World’s tallest solar tower to be built in Israel
New renewable energy targets have prompted the development of the world’s tallest solar tower to be constructed deep in the Israeli desert
New renewable energy targets have prompted the development of the world’s tallest solar tower to be constructed deep in the Israeli desert.
The climate in Israel is predominately sunny; however, the country has been slow to fully embrace the benefits of solar power.
This is set to change with the new target of generating 10 per cent of the nation’s energy needs from renewables by 2020 and a new solar project which includes the construction of the world’s tallest solar tower.
The Ashalim project – set up in the Negev desert – consists of three plots, the fourth is yet to begin the first phase of construction, each using a different solar technology.
The centrepiece of Israel’s largest renewable energy project will be the solar tower, standing at 250 meters (820 feet) high with 50,000 heliostat mirrors.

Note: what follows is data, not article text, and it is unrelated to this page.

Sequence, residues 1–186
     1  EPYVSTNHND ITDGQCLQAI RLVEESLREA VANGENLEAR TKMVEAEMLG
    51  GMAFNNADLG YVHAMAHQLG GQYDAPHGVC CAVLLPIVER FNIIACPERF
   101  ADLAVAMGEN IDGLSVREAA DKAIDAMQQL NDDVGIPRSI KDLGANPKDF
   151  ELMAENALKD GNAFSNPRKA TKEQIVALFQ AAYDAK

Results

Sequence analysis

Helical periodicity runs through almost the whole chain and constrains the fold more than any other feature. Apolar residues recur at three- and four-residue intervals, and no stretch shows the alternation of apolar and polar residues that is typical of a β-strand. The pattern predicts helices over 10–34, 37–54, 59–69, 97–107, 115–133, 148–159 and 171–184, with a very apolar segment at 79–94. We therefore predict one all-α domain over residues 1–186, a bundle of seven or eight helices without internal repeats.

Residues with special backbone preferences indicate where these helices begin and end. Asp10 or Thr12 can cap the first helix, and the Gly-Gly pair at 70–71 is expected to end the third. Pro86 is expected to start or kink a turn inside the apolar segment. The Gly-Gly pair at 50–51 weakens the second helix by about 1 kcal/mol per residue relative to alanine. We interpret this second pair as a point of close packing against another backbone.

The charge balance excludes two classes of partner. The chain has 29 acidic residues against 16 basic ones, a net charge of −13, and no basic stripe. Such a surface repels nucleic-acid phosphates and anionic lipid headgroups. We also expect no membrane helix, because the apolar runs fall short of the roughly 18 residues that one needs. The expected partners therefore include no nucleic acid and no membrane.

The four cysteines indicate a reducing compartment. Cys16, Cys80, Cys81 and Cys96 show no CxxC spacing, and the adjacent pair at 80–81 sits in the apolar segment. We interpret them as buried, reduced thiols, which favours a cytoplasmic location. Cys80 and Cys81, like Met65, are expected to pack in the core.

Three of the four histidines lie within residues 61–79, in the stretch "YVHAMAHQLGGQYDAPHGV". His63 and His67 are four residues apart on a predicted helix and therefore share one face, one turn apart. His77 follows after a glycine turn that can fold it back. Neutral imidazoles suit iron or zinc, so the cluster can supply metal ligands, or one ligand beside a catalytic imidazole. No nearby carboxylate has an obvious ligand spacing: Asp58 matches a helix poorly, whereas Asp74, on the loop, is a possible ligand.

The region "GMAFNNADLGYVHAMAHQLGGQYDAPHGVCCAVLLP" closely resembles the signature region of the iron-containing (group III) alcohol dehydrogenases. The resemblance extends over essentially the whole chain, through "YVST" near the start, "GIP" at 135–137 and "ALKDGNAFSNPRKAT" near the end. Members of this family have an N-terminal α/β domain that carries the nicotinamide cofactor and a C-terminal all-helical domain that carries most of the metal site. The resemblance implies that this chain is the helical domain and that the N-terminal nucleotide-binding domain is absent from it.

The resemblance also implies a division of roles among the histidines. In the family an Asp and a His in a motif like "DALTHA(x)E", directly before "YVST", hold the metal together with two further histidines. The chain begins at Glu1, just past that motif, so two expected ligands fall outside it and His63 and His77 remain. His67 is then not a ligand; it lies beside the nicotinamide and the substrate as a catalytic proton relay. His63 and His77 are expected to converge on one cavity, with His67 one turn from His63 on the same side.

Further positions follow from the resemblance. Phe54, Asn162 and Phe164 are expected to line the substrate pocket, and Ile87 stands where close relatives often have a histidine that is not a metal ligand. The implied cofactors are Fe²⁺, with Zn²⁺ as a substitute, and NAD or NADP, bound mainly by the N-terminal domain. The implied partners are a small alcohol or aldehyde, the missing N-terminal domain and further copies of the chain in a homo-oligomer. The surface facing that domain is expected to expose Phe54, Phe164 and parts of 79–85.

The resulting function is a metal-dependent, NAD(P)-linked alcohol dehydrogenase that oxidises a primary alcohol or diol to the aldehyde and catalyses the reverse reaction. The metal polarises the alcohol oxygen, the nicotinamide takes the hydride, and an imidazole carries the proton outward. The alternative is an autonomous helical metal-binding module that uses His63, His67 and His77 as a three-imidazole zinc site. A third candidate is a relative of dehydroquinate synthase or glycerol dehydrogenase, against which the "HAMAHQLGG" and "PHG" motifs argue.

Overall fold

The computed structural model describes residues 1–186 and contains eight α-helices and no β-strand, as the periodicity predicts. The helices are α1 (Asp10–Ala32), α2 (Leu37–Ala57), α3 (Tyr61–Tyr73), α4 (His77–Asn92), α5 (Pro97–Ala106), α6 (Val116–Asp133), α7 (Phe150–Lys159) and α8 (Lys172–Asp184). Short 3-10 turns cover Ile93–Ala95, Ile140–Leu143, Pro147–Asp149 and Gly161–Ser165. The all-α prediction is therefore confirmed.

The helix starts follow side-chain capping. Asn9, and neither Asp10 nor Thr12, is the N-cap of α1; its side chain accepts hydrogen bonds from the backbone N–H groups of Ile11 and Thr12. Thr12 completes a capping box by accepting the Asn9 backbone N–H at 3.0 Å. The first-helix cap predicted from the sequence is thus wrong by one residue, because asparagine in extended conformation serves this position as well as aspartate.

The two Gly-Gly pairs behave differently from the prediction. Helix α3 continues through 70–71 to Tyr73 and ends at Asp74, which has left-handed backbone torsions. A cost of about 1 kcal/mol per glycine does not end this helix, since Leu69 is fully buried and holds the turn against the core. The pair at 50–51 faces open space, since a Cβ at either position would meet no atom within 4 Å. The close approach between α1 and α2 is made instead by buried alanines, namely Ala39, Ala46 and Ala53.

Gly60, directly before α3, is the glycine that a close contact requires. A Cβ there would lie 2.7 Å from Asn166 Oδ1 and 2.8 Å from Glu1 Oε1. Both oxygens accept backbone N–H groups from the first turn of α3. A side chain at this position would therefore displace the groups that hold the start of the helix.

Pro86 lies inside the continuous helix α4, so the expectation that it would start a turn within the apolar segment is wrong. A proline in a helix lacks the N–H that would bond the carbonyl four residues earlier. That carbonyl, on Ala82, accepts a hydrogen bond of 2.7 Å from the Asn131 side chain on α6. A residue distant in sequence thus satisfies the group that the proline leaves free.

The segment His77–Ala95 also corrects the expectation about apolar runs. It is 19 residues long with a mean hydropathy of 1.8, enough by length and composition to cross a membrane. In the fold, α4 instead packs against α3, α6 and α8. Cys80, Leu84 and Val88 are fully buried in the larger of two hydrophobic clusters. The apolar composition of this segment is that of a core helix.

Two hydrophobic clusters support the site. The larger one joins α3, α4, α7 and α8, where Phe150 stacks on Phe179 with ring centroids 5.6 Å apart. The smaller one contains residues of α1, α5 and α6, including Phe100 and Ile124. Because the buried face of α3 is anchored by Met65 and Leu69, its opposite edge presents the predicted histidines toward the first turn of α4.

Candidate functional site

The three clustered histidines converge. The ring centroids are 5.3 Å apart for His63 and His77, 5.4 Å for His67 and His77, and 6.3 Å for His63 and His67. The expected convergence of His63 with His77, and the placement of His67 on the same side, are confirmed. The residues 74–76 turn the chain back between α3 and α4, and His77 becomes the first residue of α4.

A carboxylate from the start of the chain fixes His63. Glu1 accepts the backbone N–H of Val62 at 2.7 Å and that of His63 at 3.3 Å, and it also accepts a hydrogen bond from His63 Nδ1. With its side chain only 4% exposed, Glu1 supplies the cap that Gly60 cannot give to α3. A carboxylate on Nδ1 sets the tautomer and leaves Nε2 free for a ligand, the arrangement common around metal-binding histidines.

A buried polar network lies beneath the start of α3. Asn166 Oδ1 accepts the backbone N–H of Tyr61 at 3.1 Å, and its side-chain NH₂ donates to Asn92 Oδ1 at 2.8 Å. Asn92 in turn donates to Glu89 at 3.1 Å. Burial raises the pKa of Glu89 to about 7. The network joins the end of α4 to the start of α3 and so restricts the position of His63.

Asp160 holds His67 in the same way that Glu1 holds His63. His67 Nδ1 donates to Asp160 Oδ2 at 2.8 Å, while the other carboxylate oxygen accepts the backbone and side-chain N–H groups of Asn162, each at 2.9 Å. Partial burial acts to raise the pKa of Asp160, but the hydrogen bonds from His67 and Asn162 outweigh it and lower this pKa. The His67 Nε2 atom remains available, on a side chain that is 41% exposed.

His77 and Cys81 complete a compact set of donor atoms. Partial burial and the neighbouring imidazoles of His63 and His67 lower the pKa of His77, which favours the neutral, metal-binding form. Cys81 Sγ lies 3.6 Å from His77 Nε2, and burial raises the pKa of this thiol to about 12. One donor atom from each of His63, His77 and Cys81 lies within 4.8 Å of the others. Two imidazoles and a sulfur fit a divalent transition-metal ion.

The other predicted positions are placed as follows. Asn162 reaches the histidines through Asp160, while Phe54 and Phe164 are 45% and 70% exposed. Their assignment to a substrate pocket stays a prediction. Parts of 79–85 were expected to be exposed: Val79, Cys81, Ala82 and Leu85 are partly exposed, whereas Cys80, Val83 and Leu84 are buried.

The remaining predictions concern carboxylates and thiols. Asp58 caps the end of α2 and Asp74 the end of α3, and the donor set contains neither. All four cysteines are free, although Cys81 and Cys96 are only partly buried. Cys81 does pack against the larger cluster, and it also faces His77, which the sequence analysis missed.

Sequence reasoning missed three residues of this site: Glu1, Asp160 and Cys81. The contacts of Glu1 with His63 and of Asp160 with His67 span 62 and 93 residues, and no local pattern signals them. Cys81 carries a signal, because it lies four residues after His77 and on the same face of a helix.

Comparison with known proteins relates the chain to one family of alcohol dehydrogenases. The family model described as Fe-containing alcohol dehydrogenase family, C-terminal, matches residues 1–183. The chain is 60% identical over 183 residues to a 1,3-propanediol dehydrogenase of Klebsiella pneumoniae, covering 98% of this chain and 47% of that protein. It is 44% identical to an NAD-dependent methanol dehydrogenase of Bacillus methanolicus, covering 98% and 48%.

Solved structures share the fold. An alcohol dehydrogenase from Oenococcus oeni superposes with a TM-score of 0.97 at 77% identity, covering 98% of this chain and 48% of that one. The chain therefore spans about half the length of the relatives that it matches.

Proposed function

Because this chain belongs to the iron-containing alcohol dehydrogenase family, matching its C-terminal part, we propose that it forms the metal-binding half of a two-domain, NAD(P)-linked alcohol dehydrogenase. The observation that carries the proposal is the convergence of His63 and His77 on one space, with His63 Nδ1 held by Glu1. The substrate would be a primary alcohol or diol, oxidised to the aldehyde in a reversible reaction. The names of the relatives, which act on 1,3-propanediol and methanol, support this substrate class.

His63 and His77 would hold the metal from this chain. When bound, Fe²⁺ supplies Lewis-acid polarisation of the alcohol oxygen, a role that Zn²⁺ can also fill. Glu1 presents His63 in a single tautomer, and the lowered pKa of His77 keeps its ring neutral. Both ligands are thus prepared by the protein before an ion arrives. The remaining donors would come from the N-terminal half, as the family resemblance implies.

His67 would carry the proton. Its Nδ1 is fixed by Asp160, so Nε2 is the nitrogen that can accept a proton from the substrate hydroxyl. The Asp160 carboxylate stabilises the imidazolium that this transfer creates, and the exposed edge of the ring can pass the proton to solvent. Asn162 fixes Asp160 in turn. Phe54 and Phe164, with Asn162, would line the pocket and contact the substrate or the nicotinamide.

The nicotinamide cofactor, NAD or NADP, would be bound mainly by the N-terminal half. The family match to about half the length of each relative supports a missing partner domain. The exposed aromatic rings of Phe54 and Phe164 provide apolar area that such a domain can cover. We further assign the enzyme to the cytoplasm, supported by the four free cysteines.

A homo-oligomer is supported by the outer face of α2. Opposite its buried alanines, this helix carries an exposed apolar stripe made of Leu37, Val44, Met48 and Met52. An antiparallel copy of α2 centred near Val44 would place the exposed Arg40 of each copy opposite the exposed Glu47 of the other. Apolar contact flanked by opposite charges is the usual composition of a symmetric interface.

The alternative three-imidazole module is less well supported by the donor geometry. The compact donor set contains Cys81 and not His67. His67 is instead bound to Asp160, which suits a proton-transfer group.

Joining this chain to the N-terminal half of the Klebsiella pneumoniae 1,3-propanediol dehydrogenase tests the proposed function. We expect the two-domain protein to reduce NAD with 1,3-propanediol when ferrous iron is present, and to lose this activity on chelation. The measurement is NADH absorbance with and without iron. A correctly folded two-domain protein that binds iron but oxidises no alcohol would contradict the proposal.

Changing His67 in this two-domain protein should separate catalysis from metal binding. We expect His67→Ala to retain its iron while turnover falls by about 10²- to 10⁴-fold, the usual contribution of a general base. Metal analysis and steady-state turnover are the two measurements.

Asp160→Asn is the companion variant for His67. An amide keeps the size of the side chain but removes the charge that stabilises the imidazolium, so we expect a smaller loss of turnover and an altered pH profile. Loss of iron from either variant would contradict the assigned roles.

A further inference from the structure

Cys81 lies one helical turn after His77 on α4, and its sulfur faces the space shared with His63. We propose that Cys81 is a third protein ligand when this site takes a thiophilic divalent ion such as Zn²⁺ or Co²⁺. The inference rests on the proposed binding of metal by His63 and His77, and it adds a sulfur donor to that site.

The mirrors are designed to maximise the power output of the land by directing the sun's rays onto the tower, heating a boiler that produces steam to spin a turbine, generating electricity.
This solar thermal technology is from BrightSource Energy, the company behind the Ivanpah project, which is the world's largest solar thermal plant, located in the California desert.
The Californian plant has 170,000 heliostat mirrors, but the tower is only 140 meters (460 feet) tall.
The other plots of the Ashalim project include: another solar thermal technology that will allow energy to be stored at night, solar photovoltaic panels and the fourth plot, which has not been planned yet, will also feature a solar power installation.
The combination of a range of different solar technologies will create a reliable output of electricity.
According to Israel's Electricity Authority, the tower will provide power for around 130,000 households, approximately 5 per cent of Israel's population.
Eran Gartner, Chief Exceutive of Megalim Solar Power Ltd., which is building one part of the project said: "It's the most significant single building block in Israel's commitment to CO2 reduction and renewable energy".